One of my favorite Bible characters is Naaman. In 2 Kings 5, Naaman is introduced as a great warrior and the second in command over Syria—much like a vice president in today’s world. But Naaman was also a leper, and when his servant girl spoke of Elisha, a man of God in Israel who could pray for him and heal him of his leprosy, Naaman immediately secured permission from the king to travel to him.
From the moment Naaman arrived at Elisha’s house, things did not go according to his plan. First, the famed prophet didn’t even come out of his house to greet Naaman but instead sent his servant. How rude! Naaman was offended by this display of dishonor.
Secondly, Elisha’s servant gave Naaman instructions to dip himself seven times in a dirty, nearby river. Naaman had never been so offended in his life. You see, Naaman had his own idea of what his healing would look like, and it wasn’t living up to his image. As the Scripture reads in 2 Kings 5:11–12, he left angry!
At this point, what could he do? He could turn around and go home feeling offended by Elisha, his God, and what he considered to be a dishonor, but he would still suffer from leprosy. Just before Naaman decided to turn back, his servants stepped in and asked him to do the simple thing and dip in the river. Fortunately, he did, and his skin was made like new!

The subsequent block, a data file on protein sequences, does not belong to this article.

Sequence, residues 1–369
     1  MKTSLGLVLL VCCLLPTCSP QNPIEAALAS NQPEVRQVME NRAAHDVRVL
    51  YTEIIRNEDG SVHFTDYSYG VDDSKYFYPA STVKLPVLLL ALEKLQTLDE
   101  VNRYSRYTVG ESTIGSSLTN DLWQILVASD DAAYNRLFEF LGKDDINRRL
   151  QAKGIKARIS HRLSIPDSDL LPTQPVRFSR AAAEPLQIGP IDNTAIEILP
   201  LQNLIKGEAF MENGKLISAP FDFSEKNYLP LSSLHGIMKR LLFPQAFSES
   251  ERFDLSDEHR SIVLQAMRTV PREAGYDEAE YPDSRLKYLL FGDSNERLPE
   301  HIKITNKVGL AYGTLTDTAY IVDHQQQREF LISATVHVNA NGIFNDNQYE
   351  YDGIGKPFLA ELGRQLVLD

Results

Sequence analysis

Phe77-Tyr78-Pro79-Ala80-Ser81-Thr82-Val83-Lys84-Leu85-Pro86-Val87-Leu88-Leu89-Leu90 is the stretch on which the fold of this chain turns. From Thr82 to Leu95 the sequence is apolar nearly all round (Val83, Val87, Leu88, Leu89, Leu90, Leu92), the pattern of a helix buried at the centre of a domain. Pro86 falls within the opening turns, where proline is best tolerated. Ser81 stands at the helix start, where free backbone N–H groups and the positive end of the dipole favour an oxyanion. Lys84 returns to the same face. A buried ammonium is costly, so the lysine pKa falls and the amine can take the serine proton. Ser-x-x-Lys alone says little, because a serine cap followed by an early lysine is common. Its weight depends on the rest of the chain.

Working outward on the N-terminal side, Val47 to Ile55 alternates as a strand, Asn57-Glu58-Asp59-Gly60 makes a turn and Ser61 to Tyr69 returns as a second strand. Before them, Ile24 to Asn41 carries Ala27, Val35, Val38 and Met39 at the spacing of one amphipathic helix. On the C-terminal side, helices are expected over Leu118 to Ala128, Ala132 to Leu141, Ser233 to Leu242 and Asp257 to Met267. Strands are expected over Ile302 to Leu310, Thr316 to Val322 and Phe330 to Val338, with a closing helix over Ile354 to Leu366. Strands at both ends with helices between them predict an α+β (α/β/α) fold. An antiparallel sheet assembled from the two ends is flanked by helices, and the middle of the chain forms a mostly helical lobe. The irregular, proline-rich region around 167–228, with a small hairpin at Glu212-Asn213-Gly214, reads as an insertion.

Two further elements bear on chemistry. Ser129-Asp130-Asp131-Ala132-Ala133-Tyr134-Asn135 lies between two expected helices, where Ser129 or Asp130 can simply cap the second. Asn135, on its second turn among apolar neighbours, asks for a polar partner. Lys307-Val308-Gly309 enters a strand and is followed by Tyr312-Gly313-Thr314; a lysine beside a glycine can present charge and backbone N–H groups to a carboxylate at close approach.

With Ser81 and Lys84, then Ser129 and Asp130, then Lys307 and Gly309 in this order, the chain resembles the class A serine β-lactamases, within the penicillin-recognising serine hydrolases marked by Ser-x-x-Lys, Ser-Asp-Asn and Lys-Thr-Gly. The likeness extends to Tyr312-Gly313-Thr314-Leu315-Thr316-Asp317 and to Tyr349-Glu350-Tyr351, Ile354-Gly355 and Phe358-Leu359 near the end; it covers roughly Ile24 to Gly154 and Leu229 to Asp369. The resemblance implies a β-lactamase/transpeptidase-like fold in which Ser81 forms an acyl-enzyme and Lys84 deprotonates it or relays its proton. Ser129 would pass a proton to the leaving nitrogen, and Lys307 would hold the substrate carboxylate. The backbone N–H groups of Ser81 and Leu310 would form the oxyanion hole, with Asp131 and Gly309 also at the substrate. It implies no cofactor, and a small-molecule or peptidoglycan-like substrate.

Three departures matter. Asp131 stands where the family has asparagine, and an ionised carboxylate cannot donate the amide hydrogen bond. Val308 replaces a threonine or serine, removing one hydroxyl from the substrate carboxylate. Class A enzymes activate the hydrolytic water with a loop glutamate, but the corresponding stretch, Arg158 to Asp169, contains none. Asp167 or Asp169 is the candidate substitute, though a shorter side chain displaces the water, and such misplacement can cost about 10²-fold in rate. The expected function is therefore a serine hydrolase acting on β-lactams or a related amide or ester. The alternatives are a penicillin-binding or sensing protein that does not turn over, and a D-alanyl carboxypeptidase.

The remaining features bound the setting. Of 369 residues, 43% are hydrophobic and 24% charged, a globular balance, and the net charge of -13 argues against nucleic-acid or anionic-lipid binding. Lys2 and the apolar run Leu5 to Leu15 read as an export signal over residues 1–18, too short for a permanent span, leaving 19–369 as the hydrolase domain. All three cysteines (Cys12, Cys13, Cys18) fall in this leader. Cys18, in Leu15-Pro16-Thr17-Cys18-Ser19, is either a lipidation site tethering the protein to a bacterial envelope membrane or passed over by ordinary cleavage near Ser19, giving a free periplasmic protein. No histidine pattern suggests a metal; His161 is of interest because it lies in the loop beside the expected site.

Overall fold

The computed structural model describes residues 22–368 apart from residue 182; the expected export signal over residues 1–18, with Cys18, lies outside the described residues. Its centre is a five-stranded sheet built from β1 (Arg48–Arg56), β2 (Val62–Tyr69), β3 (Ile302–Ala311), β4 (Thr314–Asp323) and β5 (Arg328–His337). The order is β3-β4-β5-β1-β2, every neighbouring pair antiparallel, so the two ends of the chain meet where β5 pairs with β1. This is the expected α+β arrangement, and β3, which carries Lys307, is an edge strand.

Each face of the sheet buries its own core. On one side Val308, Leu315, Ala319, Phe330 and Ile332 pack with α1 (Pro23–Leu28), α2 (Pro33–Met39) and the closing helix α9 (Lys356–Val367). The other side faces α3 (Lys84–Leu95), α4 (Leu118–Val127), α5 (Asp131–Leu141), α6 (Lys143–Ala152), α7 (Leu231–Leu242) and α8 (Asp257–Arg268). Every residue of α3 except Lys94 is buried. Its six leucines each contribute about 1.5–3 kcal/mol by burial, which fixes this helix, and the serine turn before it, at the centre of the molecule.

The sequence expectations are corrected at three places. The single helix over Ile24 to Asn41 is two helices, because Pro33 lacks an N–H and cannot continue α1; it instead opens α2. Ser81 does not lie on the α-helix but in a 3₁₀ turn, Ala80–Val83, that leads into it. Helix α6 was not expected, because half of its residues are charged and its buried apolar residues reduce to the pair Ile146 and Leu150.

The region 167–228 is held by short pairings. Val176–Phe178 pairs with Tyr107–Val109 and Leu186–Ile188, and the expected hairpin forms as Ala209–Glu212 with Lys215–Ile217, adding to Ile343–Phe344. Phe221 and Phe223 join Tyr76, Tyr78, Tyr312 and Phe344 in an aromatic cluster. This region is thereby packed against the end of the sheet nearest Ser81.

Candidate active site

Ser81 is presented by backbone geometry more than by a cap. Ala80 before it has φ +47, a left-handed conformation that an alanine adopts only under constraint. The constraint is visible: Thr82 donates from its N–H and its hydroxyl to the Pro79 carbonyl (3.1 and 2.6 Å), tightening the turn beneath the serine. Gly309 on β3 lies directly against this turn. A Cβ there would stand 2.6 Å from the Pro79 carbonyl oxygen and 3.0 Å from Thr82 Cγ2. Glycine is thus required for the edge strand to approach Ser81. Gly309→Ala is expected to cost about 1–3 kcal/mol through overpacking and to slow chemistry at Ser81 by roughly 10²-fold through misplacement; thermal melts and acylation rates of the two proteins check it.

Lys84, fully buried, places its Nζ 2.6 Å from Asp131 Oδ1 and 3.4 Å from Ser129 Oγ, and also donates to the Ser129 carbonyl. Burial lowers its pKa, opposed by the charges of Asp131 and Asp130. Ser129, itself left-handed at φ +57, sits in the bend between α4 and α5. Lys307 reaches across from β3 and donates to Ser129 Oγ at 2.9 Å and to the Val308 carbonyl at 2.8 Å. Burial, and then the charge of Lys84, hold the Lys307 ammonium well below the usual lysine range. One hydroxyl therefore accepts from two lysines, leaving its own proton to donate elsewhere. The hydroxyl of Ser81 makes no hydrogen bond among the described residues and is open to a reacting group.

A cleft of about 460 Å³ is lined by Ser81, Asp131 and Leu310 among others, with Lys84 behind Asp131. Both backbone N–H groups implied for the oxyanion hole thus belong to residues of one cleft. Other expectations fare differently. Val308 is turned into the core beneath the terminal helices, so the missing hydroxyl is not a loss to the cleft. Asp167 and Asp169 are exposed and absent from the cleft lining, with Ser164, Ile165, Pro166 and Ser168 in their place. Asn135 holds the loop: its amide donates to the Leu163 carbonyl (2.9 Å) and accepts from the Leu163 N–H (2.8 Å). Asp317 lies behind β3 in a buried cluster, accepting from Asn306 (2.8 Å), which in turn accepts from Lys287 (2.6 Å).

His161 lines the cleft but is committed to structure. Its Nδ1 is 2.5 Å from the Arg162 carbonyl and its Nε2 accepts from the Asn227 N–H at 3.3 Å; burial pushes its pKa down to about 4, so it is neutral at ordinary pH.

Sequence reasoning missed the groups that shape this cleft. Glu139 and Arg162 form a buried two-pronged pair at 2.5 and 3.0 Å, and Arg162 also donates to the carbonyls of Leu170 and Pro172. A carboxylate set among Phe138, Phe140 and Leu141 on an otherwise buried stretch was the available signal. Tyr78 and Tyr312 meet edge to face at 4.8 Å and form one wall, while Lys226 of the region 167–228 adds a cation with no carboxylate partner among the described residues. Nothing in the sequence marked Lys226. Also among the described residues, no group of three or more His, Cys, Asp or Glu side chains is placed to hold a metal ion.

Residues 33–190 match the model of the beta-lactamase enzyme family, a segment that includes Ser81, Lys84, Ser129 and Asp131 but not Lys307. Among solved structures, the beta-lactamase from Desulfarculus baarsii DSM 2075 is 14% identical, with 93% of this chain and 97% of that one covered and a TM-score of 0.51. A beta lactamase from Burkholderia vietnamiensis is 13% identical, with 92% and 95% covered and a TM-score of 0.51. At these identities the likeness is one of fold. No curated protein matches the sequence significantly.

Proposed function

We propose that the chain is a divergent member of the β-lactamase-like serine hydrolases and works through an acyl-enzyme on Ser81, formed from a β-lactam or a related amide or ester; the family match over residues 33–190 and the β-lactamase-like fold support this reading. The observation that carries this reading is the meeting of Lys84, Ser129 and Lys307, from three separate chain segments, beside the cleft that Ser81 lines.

What I love about Naaman is even though he was a vice president and a respected warrior, he was also teachable. Being teachable is not simply a willingness to receive information or correction; it’s also about who you are willing to receive it from. Naaman was able to receive correction from his servants and was healed (James 4:6 NLT).
Are you teachable? Think back and consider people in your life who may have seemed too insignificant for you to receive their instruction or correction.
Father, give me the eyes to see those who you have placed in my life to give me wisdom and instruction.